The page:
Bloggers discuss the latest charges of corruption against House Majority Leader Tom DeLay; they also mark the passing of author and Iowa Writers' Workshop head Frank Conroy and examine the economics of the upcoming royal wedding.
RounDeLay: House Majority Leader Tom DeLay spent Wednesday defending himself against accusations that he'd funneled $500,000 from his political action and campaign committees to his wife and daughter and allowed a lobbyist to pay for a trip to Russia.
"The United States of America cannot have one of its top congressional leaders taking money from people advocating for Russian military-intelligence and defense interests as part of a lobbying deal. It simply cannot," argues Garance Franke-Ruta on the American Prospect's blog, Tapped. "[T]his is clearly no longer just a story about DeLay's relationship with a couple of American lobbyists; it's about the relationship of a cadre of movement conservative lobbyists with foreign business and government interests." The Washington Monthly's Kevin Drum asks, "Back in the mid-90s, wasn't DeLay awfully vocal about opposing action to stop Serbian genocide in Kosovo? And wasn't the Russian security establishment one of the biggest defenders of Serb interests?"
Arguing that the House should move at once to kick out DeLay, UCLA professor Mark Kleiman writes, "Would it pass? Almost certainly not. But getting all, or vitually all, of the Republicans in the House on record as supporting not just corruption but selling out to the Russians would be a triumph in itself." Linking to this piece that says conservative leaders are pushing Republicans to defend DeLay, lefty Digby ties this controversy to the Terri Schiavo issue, writing, "[I] think that we want the extreme rightwing to be defending Tom DeLay, especially the Randall Terrys and the James Dobsons, as often as possible. We especially want to see those guys on Fox News. A lot." He explains that, during the Schiavo debate, "common sense" Republicans began to see "FOX News and talk radio as being full of shit for the first time … I think Schiavo may turn out to be the first big tear in the right wing matrix."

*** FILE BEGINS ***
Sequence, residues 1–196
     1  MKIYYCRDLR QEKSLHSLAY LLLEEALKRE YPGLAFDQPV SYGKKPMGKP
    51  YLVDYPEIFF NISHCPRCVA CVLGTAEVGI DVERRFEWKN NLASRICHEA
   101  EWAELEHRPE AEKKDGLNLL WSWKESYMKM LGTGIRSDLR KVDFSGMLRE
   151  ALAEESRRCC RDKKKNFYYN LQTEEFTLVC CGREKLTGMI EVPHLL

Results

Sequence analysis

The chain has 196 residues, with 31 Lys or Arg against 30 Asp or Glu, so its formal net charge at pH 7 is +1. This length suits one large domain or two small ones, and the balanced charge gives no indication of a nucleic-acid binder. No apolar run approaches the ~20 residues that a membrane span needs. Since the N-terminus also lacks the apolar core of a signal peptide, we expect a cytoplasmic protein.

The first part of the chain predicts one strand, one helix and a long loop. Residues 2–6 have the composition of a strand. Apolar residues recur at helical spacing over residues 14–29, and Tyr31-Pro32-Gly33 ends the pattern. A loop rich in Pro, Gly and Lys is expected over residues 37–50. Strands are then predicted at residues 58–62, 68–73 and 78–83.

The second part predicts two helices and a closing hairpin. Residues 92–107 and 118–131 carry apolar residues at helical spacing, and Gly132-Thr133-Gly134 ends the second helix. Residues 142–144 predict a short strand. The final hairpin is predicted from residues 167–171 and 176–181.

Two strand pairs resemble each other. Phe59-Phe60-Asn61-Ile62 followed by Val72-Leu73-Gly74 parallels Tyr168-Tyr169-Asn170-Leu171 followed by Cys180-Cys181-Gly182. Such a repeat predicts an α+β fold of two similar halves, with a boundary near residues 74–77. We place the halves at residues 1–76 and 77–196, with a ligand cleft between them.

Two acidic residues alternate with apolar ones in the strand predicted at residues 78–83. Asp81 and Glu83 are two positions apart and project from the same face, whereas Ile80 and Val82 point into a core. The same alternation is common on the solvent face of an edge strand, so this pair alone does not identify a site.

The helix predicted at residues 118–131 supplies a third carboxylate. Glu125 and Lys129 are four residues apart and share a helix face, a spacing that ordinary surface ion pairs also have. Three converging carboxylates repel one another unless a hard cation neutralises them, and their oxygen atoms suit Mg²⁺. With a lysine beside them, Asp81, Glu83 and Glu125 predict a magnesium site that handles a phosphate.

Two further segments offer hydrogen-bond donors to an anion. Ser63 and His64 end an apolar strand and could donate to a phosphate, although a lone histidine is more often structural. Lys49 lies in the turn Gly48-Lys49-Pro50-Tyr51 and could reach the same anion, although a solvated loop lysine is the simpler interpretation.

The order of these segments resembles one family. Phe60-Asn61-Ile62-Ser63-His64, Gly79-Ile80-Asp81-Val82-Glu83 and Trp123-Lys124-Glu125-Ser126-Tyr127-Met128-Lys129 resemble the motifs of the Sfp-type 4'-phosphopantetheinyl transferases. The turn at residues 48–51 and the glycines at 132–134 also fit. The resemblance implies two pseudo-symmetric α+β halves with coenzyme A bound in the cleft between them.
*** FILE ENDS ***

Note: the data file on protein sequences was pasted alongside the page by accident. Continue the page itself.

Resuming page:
DeLay is having such a bad week, he's even being linked to the author of the infamous Schiavo "talking points" memo. On Wednesday, Republican Brian Darling, formerly of the Alexander Strategy Group, admitted to writing the talking points memo that called the Schiavo case "a great political issue." Democratic stalwart MyDD links DeLay to the controversial memo: "The Alexander Strategy Group is a firm created by former DeLay chief of staff Ed Buckham (and yet another place from where DeLay's wife has cashed checks). Tom DeLay used the talking points at least on three occasions."
Frank Conroy, R.I.P.: Author Frank Conroy, head of the influential Iowa Writers' Workshop, died Wednesday. "Until I took Frank's workshop, I only thought I was a writer. In some fundamental way, he turned me into one. Now, he hovers behind me—benevolent, but never sparing with criticism—every moment I write. Whenever I feel myself exerting pressure on the page, refusing to let myself off the hook, that's for him," writes "Lila" in a post at Babies are Fireproof, the "Unofficial Backroom of the Iowa Mafia *." On EarthGoat, another Iowa initiate has extensive notes from the last workshop Conroy taught before going into surgery: "Everything that's wrong is always revealed in language. Art takes place at the overlap between the writer's energy and the reader's."
Royal markup: Responding to the recent announcement that Prince Charles' wedding to Camilla Parker-Bowles will be postponed a day in honor of the Pope's funeral, Brit Mike Richards writes, "There are now 2,000 mint condition tea towels with the wrong Royal Wedding date on in circulation. Might these be worth even more money in years to come as some famous flawed stamps are?" Writer Jenn Shreve points out that commemorative mugs, which were selling poorly until the date was changed, are now in high demand. Chatter blog TheRat and Mouse tracks the eBay value of a balcony that will allow a view of the wedding. (It sold for 800 pounds.) Commenting on Bubbi, the blog of a Wisconsin grandmother, Jody muses, "My understanding was that they couldn't marry because Camilla wasn't a virgin. I wonder if that will be an issue when William marries?"
Read more about Charles and Camilla. Or, don't. OK, if you insist, in Slate June Thomas defends Prince Charles, Laura Barton delves into the love story in "Foreigners", and "International Papers" checks in on how the British tabloids are behaving.
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